· It is through such restrictions that the advantage of being in power is blunted and the contestants get the opportunity to fight on more or less equal terms.
· MCC has got the judicial recognition of the highest court of land. The dispute over the date when the Model Code of Conduct should come into force — the issuance of the press release by EC announcing the poll dates or the date of actual notification in this regard was resolved in the Union of India Vs. Harbans Sigh Jalal and Others [SLP (Civil) No.22724 of 1997)] decided on 26.04.2001. The apex court gave the ruling that the Code of Conduct would come into force the moment the Commission issues the press release, which precedes the notification by a good two weeks. This ruling lay at rest the controversy related to the dates of enforcement of MCC. Thus the MCC remains in force from the date of announcement of elections till the completion of elections.
Legal Status for Model Code: Views of the Election Commission
There is an opinion in certain quarters for providing legal status to MCC. The Election Commission has, however, taken a stand against granting of such status to MCC. According to the Commission bringing the MCC on the statute book will only be counter-productive. In our country, elections are conducted within a very limited time span according to a well laid down schedule. Normally, a general election in a State is completed in about 45 days, from the day of announcement of the election schedule by the Commission. Thus, the expedition and promptness in dealing with the cases of violation of the model code of conduct is of the essence. If no timely action is taken to curb the violations and against the violators of the model code during the limited period when the election process is on, the whole significance of the MCC would be lost and the violator would be able to reap the benefit of such violation. If the model code of conduct is converted into a law, this would mean that a complaint would lie to the police/Magistrate. The procedures involved in judicial proceedings being what they are, a decision on such complaints would most likely come only long after the election is completed.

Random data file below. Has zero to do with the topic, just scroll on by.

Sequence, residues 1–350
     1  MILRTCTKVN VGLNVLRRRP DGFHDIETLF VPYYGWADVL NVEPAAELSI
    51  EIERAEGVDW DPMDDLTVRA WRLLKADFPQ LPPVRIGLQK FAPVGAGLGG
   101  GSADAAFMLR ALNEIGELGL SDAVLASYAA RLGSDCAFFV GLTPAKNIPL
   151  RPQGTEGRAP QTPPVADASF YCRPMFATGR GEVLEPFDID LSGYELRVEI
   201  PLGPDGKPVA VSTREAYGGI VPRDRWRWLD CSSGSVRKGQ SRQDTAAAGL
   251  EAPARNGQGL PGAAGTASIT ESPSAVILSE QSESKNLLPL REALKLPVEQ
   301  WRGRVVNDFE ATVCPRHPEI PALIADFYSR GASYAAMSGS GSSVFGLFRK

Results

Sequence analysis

MCC is not a Hindrance to Developmental activities
One often gets to hear the complaint that the MCC is coming in the way of developmental activities. However, even during the short period when MCC is in operation, the ongoing development activities are not stopped and are allowed to proceed unhindered, and only the new projects, etc. which have not taken off on the ground that have to be deferred till the completion of elections. If there is any work that cannot wait for any reason (relief work on account of any calamity, etc), the matter can be referred to the Commission for clearance.
It is apt to refer to the following passage from a very recent Judgment (dated 16.02.2012) of the Allahabad High Court (Lucknow Bench) in Writ Petition No. 1361 of 2012 (Dr. Nutan Thakur Vs. Election Commission of India):
‘It shall not be out of place to mention that after election, peoples’ representatives discharge their obligation almost for a period of five years. The elections are held at the fag end of their tenure unless the assembly or Parliament is suspended or dissolved earlier. While holding the office, it is always obligatory on the part of the peoples’ representative to discharge their obligation honestly and fairly to serve the nation. In case they failed to discharge their obligation during their entire term while in office or in opposition, then making statement as a measure of allurement or appeasement to the peoples after issuance of Election Notification, shall be nothing but an instance of unfair practice on their part.’